Steel Markets

CRU Aluminum: Banking News Worrisome, But LME Values Unfazed

Written by Stephen Williamson

The LME aluminum three-month price steadied this week despite a whirlwind of upsetting news, finding its footing near $2,300 per metric ton.

That’s below the $2,500-per-ton mark we saw as 2023 opened on a more optimistic tone. The recent news from across the geopolitical and macroeconomic scene has dampened demand sentiment in the near term.


This week’s attention was also focused on the Federal Reserve’s interest rate decision to layer in another 25-basis point increase to help curb inflation. While it was a certainty that the stock market would be jittery on all this news, the LME did not exhibit any extraordinary movement. Of greater interest to CRU is that the Fed’s language on future interest rate increases was a bit more muted than earlier, more strongly worded rhetoric that additional increases in 2023 were likely. Much like the LME, the Federal Reserve appears to be taking a wait-and-see approach.

A bit further downstream in the value chain, the US Midwest aluminum delivery premium (MWP) moved lower on the flurry of dark news. CRU views the step down from $0.295/lb to $0.265/lb as attributable to slack demand thus far into 2023 Q1. The MWP had held steady through February and March to date in anticipation of demand awakening. This recent wave of negative market sentiment has buyers retreating a bit further because semis lead times are quite nearby (4-8 weeks) and because metal is available from rolling mills and extrusion shops. Only heat-treat plate and hard-alloy extrusions, for aerospace and defense applications, remain on extended lead times. The MWP, at the $0.26 – $0.27 value, is a good reflection of the true replacement cost for the services represented in the MWP survey price: freight, warehousing, insurance, and including the impact of Section 232 tariffs.

Russia increases exports to China

No surprise, but an affirmation this week via the latest data published by Chinese Customs. Russian imports to China of unalloyed primary aluminum (HS 760110) are on the rise. Between January and February 2023, Russia imports totaled 105,300 tons in the referenced commodity code. This is up significantly from 28,759 tons over the same period of 2022, well before the outbreak of war in Ukraine and the most recent 200% tariff levied on Russian aluminum headed to US ports.

The flow of primary metal from Russia to China has increased steadily since this time last year as more countries and businesses began to avoid Russian metal units. December 2022 has been the peak month so far, with single-month imports reported to be in excess of 80,000 tons. Russia continues stake a claim to China’s primary supply chain, now accounting for a nearly 70% supply position of China’s primary aluminum imports. Following Russia in that support are Iran and Bahrain.

B&C applications are first movers in near-zero carbon aluminum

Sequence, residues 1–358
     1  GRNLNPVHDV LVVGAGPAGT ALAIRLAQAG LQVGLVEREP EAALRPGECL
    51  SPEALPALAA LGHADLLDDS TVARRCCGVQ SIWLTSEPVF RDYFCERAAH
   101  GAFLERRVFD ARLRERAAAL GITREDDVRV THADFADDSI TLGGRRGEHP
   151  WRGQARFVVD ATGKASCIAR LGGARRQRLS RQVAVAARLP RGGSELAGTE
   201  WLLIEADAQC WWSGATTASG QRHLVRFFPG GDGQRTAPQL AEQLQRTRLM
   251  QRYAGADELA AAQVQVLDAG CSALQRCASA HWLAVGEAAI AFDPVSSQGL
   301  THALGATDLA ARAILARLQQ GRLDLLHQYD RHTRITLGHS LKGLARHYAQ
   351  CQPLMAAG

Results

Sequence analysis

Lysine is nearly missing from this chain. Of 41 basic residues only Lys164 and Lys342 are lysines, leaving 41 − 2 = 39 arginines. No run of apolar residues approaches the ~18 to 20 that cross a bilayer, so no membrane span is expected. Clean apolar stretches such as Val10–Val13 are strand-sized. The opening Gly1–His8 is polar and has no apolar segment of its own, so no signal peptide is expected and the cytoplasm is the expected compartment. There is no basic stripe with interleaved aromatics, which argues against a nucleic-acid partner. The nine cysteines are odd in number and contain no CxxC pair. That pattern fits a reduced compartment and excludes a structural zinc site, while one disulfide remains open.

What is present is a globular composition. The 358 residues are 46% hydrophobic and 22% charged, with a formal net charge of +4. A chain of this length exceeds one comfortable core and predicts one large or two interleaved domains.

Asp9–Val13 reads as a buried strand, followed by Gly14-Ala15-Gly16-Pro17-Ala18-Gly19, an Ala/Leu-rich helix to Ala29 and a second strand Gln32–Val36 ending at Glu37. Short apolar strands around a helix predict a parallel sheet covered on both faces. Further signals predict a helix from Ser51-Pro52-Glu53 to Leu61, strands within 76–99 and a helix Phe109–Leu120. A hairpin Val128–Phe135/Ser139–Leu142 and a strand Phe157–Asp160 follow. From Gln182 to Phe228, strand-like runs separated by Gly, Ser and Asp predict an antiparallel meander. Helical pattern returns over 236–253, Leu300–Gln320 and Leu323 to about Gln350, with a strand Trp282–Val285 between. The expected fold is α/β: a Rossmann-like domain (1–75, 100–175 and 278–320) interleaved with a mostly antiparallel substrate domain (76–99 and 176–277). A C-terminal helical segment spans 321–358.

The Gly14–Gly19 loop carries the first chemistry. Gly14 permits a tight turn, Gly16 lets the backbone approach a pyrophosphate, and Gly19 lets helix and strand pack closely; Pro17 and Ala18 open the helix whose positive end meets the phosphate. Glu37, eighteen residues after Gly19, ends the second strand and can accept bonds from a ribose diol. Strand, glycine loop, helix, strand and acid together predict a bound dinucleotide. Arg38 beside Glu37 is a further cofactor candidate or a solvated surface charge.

The first aluminum extrusion profiles made with 100% post-consumer aluminum have been delivered by Hydro to the Innovationsbogen project in Augsburg, Germany. Hydro’s CIRCAL 100R aluminum used in this project reduces CO2 emissions by 527 tons and begins the support for the decarbonization of the European building industry.

According to Hydro, this is the first time an aluminum producer has delivered a near-zero carbon footprint product for a European building project. The WICONA brand will fabricate door, window, and curtain-wall extrusion profiles made from 100% post-consumer recycled feedstock. Near-zero aluminum is defined as a product where the carbon footprint is less than 0.5kg CO2 e/kg aluminum throughout the value chain.

Innovationsbogen is the first construction project to be built as part of the new Walter Innovation Campus in Augsburg’s Innovation Park. Construction of this project is scheduled to wrap-up by year-end 2023.

Aluminum New Order Index trending lower

The Aluminum Association’s latest release of its New Order Index supports how the market is feeling amid grim geopolitical and banking news. According to the latest release, total orders were down 6.3% from February 2022 and down 10.1% from January 2023. The January report did show a lift from December’s year-end index, but that uptick was short lived.

In February, all sheet and plate applications moved lower, with the standout being the heat-treat applications we had noted earlier being delivered into aerospace and defence applications. These alloys (2xxx, 6xx, and 7xxx) all remain on tight domestic supply and sustained demand. The non-heat treat alloys (1xxx, 3xxx, and 5xxx) remain mired in the inventory overhang from 2022 and await a return to seasonal demand patterns for beverage cans and building products.

Certainly, the short shipment days afforded the supply chain every February, compounded by regional weather delays, did not help the shipment tally. The best bellwether for demand will be mill shipments to aluminum service centers. Having destocked steadily throughout 2022 H2, service center demand will be a good barometer for demand’s Q2-Q3 return. However, with lead times close by, and no huge price risk indicators in the LME, service center buyers can wait a bit for clear demand signals to bring them back to market.

Learn more about CRU’s services at

By Stephen Williamson, CRU Research Manager,

Latest in Steel Markets